Thursday, April 21, 2011

Oakland Schools are being charged $25 million in fines for Randy Ward's mismanagement

When Randolph Ward first came to San Diego to be superintendent of SDCOE, the County Office of Education, I couldn't figure out why he didn't insist that Lora Duzyk and Diane Crosier clean up the corruption in the business office. Now I understand.

See all posts about SDCOE.

Oakland schools paying for administrator's errors
Chip Johnson
San Francisco Chronicle
April 15, 2011

It's one thing for Oakland school administrators to miscalculate district finances and be penalized with the loss of authority, which is exactly what happened in 2003 when the district received a $100 million state bailout and was put in the hands of a state-appointed administrator.

It's quite another matter for that administrator to amass more than $25 million in fines and other charges from the state Controller's Office for fiscal mismanagement - and then expect the district to foot the bill.

Yet that is exactly what the state is trying to do.

Those fines and charges were racked up by Randy Ward, the state administrator who led the school district from 2003 to 2006 as part of the state takeover.

Local officials regained control over their beleaguered district in 2009, and say they shouldn't have to pay for Ward's fiscal mistakes. Those mistakes include underestimating payroll liability and failing to reconcile cash accounts.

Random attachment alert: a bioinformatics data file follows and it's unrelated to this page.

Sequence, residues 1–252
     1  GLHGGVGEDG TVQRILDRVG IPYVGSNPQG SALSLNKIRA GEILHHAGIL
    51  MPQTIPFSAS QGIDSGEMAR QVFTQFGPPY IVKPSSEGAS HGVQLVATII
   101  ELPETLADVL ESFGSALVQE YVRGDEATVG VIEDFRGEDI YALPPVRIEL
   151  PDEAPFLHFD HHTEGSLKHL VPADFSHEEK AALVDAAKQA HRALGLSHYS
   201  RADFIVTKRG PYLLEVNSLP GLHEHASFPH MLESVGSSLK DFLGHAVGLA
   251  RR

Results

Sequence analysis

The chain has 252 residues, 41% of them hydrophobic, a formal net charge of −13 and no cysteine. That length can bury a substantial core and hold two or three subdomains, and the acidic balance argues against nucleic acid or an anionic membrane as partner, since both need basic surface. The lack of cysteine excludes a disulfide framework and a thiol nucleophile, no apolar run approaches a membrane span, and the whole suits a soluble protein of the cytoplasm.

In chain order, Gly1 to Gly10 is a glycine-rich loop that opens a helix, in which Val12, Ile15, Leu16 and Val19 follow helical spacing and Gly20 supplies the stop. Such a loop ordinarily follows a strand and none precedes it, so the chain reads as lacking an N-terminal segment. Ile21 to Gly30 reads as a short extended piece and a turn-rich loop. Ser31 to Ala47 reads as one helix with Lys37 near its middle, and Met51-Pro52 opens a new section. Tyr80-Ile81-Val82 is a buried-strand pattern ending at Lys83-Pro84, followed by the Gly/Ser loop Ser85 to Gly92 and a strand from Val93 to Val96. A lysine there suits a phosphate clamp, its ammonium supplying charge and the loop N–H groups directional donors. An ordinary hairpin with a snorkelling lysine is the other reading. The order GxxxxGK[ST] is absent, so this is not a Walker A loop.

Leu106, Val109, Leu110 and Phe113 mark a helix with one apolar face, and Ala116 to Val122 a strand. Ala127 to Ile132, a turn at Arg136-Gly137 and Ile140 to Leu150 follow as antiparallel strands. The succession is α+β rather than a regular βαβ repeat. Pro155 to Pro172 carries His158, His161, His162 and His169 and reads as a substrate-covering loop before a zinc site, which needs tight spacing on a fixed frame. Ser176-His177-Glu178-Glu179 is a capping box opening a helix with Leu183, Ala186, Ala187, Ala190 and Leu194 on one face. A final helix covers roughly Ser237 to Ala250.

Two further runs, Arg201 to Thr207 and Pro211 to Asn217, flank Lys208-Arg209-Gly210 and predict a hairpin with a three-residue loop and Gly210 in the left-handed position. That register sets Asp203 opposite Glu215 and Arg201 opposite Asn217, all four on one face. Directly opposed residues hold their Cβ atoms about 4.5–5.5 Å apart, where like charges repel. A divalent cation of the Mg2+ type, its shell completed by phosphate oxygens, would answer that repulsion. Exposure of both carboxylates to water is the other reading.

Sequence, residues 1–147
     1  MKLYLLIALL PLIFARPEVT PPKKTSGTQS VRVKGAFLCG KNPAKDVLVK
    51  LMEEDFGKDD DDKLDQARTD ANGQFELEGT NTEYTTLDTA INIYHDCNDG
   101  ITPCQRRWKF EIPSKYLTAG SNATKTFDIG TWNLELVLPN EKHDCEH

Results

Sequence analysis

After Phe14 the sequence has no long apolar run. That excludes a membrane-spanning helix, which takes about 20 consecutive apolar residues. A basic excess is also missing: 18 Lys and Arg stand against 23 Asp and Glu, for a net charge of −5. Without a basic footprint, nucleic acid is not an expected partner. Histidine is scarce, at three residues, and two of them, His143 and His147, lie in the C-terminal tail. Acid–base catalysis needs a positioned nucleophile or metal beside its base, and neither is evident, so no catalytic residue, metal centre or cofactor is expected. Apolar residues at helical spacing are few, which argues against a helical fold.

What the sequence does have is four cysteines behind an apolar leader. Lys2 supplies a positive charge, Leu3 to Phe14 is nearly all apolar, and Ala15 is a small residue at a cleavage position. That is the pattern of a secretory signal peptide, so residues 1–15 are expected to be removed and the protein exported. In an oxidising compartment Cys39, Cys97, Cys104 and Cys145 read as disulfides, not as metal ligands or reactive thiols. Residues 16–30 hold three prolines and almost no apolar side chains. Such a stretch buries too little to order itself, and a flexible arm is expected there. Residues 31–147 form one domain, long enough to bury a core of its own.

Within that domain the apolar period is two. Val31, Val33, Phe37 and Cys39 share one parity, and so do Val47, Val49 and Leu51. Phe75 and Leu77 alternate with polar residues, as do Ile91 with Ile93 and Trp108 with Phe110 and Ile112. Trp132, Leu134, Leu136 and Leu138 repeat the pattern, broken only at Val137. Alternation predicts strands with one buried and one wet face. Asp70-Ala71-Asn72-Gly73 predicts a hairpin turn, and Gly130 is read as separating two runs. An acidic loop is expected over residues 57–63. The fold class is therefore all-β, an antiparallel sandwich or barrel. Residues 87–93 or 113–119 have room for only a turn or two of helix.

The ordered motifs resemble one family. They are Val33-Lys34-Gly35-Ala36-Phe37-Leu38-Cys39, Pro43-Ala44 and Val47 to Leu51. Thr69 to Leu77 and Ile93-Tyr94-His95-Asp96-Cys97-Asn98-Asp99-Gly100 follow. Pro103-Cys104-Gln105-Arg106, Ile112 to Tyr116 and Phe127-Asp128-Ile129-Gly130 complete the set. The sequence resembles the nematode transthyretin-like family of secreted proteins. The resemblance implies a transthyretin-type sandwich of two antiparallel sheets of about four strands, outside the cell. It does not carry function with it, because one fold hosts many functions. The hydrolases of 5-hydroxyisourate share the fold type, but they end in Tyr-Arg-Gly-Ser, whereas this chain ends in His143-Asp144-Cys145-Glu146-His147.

East Bay Assemblyman Sandré Swanson has intervened in hopes of getting the district off the hook for the $25.25 million in total fines and other costs.

But the situation suggests that on some financial matters, Ward ran the district in much the same cavalier fashion as before the takeover.

Annual audits for the district's cash expenditures were never conducted between 2003 and 2006. Ward led the district during that period. An accounting of cash expenditures conducted in 2010 overstated the district's cash assets by $7 million, said district spokesman Troy Flint.

For a school district that slashed $122 million from last year's budget and faces a projected $30 million deficit in the coming school year, expecting that it can come up with millions of dollars in fines is an unreasonable demand...

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